This week you don’t have to read my ramblings. We are lucky enough to have a guest photographer that is going to tell us about dog photography that she just did on a recent shoot. Her name is Virginia Diehm and she is an award-winning photographer. I have known her for some time now and she truly amazes me what she comes back with. Without further ado, here is what she has for us:
On Friday, December 30, my neighbor invited me to take some photos at a local Agility Show in Palmetto, Florida. Raven and GiGi are two dogs owned by Don Soucy my neighbor. Don is a dog trainer and Raven and Gigi have been competing for a several years now. Raven is an 8 year old Aussi Black Tri soon to be 9. She has numerous AKC titles including her MACH (Masters Agility Championship). Gigi, a Bi Blue Sheltie, is the younger lady at 3 and also has numerous agility titles. These photos were taken with my Canon 7D and Canon 70-300mm f/4.5-5.6 DO lens. I’d been taking action shots all morning so my shutter speed was set at 1/800 and the aperture at Auto as the arena was not well lighted. I started out at a shutter speed of 1/500th but when GiGi ran the course, who is fast as greased lightening when she runs, I boosted it up to 1/800. After looking at the shots, I really should have set the shutter at 1/1000. She is that fast!
Action photography can be challenging as Virginia states due to the low light condition. The best way to combat this without jacking up the ISO is with lenses. I own a few pieces of “fast glass” as I have used them for concerts and portraits. The lenses that I have are primes, meaning that there isn’t any zoom on the lens. If you want a zoom that is also fast, you’re going to have to reach deep into your pockets. A very popular lens for this type of application is a 70mm-200mm f/2.8. This lens is around $2,500 USD. Why so expensive? What you are buying is a constant aperture. Most lenses have two minimums. My 18mm-200mm for example, tells me that it’s f/3.5 at 18mm and f5/6 at 200mm. These are cheaper to make there for cheaper to purchase. What if you have to have the 70mm-200mm, but you are on a budget? There are a couple of options; first you could rent the lens. There are companies that will rent it to you for a day, couple of days or a week. This is also a great way to try the lens before you make a major investment to ensure that you like it. The second option is to try and find it used. I know that there is that popular “bay” place, but for something like this, I would call B&H Photo in New York City. They aren’t paying me to say this (I wish they would). B&H will stand behind the products they sell. So if you should have a problem, you will have someone to go back to.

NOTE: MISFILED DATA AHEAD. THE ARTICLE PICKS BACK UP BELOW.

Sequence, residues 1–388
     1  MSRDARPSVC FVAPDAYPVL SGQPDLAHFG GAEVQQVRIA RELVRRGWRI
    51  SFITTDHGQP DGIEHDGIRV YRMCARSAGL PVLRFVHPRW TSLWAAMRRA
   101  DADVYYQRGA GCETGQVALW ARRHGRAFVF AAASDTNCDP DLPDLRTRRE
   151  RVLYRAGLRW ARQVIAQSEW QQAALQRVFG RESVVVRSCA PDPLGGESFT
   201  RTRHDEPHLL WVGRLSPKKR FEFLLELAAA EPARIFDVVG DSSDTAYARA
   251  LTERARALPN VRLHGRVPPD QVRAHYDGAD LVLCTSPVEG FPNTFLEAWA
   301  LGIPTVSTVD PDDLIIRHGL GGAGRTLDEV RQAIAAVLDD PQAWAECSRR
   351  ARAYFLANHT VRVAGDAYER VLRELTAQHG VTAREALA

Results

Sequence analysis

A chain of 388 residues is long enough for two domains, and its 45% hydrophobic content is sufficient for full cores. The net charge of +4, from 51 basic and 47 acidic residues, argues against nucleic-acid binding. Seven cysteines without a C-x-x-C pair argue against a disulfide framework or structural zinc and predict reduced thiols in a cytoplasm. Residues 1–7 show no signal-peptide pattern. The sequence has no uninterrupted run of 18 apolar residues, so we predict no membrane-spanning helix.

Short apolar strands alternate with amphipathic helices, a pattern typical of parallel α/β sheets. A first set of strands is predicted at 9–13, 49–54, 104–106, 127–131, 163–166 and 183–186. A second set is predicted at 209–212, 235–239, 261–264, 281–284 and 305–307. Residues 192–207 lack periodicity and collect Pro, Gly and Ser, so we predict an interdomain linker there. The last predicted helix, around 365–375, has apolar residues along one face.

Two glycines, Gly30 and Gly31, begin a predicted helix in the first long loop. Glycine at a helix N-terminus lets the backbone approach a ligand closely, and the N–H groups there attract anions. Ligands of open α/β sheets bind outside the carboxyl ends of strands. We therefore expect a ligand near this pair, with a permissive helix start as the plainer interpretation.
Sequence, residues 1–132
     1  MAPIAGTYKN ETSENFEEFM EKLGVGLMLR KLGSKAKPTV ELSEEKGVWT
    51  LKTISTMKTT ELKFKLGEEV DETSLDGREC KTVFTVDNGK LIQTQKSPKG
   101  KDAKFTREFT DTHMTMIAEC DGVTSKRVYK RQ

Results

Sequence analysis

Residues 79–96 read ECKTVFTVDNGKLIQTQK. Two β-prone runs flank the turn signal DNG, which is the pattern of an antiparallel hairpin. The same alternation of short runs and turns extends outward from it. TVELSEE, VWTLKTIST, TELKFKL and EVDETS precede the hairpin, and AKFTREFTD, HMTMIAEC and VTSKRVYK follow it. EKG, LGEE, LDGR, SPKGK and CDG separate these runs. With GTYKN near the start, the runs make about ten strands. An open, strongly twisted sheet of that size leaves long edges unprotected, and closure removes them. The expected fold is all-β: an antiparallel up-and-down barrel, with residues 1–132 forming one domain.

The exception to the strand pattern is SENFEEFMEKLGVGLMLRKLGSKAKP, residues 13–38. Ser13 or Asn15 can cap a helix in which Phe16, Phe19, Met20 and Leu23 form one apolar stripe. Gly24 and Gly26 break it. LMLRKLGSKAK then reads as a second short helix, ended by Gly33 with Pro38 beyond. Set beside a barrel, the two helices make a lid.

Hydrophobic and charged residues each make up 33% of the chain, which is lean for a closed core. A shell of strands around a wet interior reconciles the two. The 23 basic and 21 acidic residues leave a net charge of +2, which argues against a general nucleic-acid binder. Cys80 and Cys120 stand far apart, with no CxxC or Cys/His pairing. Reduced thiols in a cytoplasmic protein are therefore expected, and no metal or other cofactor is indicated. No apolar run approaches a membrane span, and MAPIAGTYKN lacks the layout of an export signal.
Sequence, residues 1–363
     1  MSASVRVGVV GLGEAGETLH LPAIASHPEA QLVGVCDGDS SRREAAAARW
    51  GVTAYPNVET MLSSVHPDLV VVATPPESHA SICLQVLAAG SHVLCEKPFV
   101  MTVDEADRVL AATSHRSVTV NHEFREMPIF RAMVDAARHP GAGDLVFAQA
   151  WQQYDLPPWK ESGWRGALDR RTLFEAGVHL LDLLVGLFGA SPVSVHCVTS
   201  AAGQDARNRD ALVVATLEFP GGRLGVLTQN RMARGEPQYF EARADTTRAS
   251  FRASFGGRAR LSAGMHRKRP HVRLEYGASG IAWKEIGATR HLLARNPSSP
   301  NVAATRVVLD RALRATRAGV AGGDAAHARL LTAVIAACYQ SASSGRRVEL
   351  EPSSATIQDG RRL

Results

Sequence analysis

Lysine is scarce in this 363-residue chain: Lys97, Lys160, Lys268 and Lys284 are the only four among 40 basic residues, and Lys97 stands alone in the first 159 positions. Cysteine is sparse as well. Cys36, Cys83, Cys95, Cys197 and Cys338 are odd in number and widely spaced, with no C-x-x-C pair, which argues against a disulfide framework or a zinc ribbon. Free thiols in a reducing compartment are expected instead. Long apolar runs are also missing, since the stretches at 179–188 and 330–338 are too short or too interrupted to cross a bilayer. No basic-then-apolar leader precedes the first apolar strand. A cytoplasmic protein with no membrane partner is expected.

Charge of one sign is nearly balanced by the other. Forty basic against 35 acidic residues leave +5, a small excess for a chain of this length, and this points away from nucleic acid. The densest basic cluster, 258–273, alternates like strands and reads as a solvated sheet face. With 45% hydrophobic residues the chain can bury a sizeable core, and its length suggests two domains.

I know some of you are probably asking me, “What about third party lenses?” It’s true that other manufactures make a knock off version of this lens and its $1,000 cheaper than the Nikon or Canon version. However, you will sacrifice quality for price. I would rather pay the piper up front and have great image quality for the rest of my life, instead of being irritated every time I pulled it out to use it. When I actually had time to go to a photo club, there was an engineer that compared his Canon lens and the knock off version of this lens. The Canon lens had consistent image quality throughout all of the focal lengths. The graph that was generated from the knock off version looked the same form a 9.0 earthquake. I personally don’t believe in third party glass. Top image quality is what is important to my clients and me. Do yourself a favor and buy the real deal.
I appreciate Virginia taking the time to send the photo and story in. I hope to see more photographers sending articles like this in the future. By the way, if anyone is interested, I have a tip jar at the end of my desk labeled: 70mm-200mm f/2.8 Lens Fund. Have a great week.
Until next time…
Keep Your Glass Clean